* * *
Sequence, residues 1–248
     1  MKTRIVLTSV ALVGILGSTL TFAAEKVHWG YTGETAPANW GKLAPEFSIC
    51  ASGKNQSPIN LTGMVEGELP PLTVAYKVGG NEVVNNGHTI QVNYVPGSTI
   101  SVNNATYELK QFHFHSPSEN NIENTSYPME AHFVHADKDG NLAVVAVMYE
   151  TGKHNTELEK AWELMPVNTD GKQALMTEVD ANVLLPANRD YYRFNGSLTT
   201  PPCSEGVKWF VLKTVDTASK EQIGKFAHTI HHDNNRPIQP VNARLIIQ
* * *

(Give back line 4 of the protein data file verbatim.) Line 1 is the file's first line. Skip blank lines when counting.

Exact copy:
   101  SVNNATYELK QFHFHSPSEN NIENTSYPME AHFVHADKDG NLAVVAVMYE